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Posts Tagged ‘poetry’

These days I have dozens of magazine articles and several books under my belt. I have signed contracts for more books to come. I am considered to be a serious writer by my friends and family. So when I say I can’t go somewhere or take part in some event, because I have deadlines or edits, they accept it peacefully.

But that hasn’t always been the case.

Back before I ever had an article or story published, I was mostly a closet writer. Few people other than my immediate household knew I wrote. Many knew I loved to read, but no one put a connection between the two. Writing remained a secret endeavor of mine.

adult frowned male writer working on typewriter at home

Photo by Andrea Piacquadio on Pexels.com

When I was working on something great and was asked to attend something, it would be awkward to find excuses not to so I could stay home and write. Sometimes I really didn’t want to attend the function. I wanted–needed–to stay home and write but the explanation would go over as well as saying I couldn’t go out because I was washing my hair. Without published clips, I lacked the credibility to say I had to stay in and write.

But the fact is, writing those early “learner” stories, short shorts, poems, articles are all just as important as our tenth or twentieth published, or “real” book or article or poem. They all need to be drafted, written, revised, polished, etc…. Whether they make it fully through the road to publication is immaterial to their value–even in the eyes of our family and friends.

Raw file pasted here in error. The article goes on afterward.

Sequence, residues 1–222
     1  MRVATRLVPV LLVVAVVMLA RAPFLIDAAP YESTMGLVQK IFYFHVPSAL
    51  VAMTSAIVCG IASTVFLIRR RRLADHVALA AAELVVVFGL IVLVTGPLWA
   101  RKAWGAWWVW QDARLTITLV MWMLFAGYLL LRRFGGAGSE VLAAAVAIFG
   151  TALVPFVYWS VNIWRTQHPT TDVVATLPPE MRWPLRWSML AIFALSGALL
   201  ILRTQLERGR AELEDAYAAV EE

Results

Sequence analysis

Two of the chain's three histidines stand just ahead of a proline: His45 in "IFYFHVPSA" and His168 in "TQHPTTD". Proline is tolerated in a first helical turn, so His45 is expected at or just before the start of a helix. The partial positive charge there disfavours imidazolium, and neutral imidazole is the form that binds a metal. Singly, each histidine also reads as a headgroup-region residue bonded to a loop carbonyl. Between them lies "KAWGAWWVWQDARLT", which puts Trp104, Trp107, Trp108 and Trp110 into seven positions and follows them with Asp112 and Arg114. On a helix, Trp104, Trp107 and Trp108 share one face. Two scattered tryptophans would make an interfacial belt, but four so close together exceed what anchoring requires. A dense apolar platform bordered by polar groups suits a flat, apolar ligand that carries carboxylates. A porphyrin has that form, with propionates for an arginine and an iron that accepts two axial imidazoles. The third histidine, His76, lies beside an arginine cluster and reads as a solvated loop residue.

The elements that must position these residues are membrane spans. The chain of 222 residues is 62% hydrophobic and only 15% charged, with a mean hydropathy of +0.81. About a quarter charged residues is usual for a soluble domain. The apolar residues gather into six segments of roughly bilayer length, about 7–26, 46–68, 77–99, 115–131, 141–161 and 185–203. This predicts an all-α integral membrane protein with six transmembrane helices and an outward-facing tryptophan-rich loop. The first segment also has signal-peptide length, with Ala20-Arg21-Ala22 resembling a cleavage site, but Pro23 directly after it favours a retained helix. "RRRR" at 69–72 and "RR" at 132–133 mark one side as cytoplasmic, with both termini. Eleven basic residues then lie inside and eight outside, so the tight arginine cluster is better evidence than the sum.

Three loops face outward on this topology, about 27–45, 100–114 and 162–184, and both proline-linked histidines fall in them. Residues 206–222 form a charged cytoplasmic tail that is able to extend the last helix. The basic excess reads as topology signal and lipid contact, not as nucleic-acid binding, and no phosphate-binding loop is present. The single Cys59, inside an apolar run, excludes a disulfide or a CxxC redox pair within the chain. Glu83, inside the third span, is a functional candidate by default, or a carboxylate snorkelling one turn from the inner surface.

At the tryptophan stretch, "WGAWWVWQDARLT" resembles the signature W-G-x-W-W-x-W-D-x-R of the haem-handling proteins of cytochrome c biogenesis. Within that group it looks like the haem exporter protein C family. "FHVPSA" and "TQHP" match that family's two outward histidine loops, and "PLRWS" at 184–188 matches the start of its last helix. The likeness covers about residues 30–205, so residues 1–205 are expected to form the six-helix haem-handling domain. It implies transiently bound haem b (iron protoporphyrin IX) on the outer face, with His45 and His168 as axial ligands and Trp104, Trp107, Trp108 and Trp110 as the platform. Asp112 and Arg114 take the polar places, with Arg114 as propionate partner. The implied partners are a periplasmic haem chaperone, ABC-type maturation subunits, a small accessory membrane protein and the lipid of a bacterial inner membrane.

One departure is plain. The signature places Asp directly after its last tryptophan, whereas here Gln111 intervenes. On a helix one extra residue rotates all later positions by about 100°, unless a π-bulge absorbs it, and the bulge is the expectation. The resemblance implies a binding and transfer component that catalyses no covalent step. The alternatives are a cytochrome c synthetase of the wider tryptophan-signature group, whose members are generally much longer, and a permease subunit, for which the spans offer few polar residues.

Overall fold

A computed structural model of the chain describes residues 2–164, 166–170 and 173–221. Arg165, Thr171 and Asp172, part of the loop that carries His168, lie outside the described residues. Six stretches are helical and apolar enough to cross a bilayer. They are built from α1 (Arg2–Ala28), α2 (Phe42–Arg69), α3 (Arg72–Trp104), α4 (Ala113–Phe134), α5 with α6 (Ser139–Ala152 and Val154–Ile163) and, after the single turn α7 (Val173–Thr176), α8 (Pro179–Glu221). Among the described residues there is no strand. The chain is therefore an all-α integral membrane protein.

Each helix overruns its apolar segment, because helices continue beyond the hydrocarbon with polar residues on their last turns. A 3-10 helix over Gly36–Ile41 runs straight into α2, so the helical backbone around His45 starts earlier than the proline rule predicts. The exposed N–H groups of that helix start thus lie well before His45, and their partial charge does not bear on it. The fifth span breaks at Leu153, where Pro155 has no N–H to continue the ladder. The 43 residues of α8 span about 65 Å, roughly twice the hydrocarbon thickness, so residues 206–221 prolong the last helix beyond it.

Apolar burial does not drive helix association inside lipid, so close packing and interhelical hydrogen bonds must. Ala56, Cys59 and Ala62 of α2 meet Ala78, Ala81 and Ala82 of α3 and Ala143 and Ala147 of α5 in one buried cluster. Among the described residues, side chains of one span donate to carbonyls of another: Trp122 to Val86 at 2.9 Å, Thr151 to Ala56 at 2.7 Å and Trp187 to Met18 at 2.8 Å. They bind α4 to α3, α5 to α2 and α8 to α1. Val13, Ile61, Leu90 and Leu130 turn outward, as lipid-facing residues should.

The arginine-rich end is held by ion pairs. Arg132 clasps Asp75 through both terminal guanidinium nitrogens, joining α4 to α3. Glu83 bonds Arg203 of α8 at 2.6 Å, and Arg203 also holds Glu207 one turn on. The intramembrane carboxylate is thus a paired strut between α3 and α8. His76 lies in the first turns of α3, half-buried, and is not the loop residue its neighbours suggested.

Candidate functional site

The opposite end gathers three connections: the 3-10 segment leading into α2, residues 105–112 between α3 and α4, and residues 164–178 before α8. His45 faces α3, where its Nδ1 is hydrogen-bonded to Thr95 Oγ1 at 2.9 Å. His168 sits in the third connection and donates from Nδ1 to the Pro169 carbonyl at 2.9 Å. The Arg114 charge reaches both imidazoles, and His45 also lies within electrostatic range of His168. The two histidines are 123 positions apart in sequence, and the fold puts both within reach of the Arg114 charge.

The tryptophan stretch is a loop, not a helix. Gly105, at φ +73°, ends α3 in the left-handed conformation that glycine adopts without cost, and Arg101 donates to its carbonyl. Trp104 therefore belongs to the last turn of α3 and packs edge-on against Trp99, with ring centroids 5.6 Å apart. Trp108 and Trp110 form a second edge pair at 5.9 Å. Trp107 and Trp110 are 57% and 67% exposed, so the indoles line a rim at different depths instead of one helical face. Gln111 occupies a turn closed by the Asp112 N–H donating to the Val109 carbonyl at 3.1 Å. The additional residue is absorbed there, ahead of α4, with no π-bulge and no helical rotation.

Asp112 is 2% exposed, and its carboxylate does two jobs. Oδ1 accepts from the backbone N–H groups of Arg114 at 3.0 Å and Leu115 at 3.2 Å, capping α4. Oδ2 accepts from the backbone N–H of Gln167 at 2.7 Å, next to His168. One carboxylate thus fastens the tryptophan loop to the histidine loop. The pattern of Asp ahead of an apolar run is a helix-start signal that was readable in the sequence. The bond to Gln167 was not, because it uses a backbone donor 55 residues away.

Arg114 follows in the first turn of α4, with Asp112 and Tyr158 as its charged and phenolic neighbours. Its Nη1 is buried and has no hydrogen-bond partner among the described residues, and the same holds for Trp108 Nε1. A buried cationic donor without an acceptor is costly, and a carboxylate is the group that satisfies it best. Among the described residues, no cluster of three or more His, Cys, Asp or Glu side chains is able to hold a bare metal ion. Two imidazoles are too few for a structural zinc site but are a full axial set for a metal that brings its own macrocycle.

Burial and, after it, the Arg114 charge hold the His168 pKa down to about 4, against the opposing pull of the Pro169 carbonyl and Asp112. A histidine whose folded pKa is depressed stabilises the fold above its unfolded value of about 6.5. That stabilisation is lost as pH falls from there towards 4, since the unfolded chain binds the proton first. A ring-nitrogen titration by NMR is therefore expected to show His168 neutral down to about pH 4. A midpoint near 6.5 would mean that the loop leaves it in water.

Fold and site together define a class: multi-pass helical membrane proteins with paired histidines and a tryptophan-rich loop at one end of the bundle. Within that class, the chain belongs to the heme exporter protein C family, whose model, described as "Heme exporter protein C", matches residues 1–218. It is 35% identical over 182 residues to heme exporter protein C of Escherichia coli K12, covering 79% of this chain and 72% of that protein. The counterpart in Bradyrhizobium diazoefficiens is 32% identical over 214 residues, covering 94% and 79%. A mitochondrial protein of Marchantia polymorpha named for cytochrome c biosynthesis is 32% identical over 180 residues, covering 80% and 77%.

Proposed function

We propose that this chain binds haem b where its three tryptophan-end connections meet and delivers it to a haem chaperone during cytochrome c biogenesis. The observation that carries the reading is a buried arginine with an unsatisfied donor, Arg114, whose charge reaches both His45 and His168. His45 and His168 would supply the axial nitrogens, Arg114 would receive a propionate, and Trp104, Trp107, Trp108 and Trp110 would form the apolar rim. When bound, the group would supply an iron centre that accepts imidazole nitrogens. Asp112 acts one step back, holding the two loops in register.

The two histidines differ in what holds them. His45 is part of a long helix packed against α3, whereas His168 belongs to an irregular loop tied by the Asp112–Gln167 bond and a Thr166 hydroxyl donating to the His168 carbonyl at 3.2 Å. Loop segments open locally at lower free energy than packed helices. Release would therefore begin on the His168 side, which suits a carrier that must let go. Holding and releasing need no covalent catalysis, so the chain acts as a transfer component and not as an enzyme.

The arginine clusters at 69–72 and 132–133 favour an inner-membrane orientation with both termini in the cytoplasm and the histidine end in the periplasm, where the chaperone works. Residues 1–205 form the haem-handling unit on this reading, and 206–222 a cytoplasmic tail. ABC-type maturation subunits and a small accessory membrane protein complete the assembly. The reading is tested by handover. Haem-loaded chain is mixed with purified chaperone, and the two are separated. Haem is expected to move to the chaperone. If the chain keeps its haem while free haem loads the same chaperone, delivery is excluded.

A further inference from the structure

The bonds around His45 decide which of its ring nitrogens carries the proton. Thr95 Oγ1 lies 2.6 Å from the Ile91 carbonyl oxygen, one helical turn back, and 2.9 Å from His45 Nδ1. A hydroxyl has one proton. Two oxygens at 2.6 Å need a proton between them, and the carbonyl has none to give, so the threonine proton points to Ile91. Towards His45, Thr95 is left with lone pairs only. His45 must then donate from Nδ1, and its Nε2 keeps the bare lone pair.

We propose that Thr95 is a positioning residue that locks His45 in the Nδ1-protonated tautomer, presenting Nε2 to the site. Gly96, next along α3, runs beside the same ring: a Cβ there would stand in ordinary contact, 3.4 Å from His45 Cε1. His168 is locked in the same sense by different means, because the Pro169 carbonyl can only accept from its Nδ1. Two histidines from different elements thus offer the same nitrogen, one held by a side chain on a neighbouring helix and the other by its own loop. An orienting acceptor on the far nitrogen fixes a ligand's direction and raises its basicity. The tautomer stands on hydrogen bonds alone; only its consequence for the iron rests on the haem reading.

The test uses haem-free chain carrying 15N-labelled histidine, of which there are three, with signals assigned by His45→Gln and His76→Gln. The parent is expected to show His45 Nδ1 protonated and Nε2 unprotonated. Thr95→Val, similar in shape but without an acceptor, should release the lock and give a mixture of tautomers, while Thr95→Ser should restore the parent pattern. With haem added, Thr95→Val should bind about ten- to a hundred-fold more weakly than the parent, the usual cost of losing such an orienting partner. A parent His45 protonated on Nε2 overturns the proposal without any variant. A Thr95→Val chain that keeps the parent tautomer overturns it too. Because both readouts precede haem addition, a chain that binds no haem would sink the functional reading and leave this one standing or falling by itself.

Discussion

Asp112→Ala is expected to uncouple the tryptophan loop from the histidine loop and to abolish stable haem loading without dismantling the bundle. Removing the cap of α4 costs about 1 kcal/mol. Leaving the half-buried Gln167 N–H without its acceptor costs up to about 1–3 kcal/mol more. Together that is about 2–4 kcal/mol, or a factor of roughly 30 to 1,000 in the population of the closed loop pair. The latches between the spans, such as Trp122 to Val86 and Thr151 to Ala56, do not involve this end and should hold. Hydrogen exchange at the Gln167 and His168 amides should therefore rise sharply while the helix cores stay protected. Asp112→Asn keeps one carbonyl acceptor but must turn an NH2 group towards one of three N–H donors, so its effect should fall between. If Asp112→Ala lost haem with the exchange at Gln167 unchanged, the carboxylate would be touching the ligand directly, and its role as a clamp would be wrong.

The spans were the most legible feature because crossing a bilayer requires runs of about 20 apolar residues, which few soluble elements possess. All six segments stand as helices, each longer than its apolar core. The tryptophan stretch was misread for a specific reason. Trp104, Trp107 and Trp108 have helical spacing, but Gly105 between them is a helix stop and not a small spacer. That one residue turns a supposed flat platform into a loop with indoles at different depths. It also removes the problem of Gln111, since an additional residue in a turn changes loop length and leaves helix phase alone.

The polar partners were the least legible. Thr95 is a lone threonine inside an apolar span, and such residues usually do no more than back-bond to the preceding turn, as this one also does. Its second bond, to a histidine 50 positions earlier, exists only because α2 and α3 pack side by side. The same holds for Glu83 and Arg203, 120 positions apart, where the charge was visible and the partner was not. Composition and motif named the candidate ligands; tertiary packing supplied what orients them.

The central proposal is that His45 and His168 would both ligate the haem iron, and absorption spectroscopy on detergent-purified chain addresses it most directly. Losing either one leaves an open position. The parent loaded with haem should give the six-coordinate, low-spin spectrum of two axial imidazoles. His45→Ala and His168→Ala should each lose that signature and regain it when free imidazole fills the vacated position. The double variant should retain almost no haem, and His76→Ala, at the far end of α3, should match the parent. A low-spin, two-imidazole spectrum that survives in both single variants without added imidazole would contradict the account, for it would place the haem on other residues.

crop woman with coffee writing in notebook on bed

Photo by Ketut Subiyanto on Pexels.com

The ones that end up in the bottom of the drawer are just the necessary stepping stone to publication. But are they valid “writing”? Enough to be used as an acceptable excuse to avoid temporary socialization? Can we say we need to research now or have edits due back to the publisher Monday or submission deadline and be viewed as legitimate? Or just using a lame excuse?

woman in gray sweater sitting on wooden floor typing on portable computer

Photo by bongkarn thanyakij on Pexels.com